The Evolution of Europe

4 January 2012


Detail from an early modern map of Europe; Europe has always been both one and many, divided into kingdoms or nation-states, and yet pictured as one on a map.

The idea of Europe will not go away.

Even as European economic and political institutions are undergoing paroxysms due to a financial crisis (which is largely a debt crisis), the idea of Europe is as strong as ever, and still exhibits its ability to exercise profound influence merely through its spiritual presence in the world.

Thirteen former dissidents in Hungary have issued a manifesto — The Decline of Democracy – The Rise of Dictatorship — that explicitly calls on Europe and European institutions to intervene in Hungary:

“The advocates of democracy and the rule of law within and outside Hungary must not acquiesce in having the government of a member state of the European Union crush these universal values. Nor should the European Union just sit back and watch as it is being held hostage by an outdated, provincial tyrant. It is in the interest of both Hungary and the European Union to make a stand against the prime minister of Hungary. The leaders of the European Union are right in their decision to tighten integration, but this step should be taken not only to combat the financial crisis but also to challenge political crises and risks. The European Union may disintegrate not only for economic reasons but for reasons of pursuing disparate and antidemocratic policies as well.”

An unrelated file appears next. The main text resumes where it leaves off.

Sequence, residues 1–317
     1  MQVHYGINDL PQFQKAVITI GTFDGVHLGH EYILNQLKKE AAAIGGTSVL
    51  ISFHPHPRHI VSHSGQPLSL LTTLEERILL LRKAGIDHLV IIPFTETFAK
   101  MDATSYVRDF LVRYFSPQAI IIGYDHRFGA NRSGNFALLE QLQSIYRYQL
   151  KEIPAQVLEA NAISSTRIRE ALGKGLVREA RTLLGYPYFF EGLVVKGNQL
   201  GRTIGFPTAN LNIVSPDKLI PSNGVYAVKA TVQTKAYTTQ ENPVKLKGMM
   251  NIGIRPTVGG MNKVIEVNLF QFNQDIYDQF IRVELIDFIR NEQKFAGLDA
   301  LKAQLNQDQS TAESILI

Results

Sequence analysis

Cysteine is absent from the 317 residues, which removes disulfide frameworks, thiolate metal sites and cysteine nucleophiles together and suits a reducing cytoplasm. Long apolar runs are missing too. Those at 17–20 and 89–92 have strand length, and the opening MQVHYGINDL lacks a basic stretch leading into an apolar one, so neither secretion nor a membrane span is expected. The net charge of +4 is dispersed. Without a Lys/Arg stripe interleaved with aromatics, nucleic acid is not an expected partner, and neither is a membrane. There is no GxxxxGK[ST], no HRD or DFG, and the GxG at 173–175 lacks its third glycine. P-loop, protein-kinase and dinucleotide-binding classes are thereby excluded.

The manifesto ends with this paragraph:

“Europe is at a crossroads too. Hungary is a sad example of what may happen wherever there is a concentration of crisis tendencies, aggravated by attempts to resolve problems caused by an economic and social crisis with authoritarian means and a policy of nationalistic isolation. Instead of prosperity and stability, such a policy can only lead to suppression, conflict and turmoil. The desperate situation of present-day Hungary should be a warning for all of us: if Europe is prepared to help Hungary, it will also help itself.”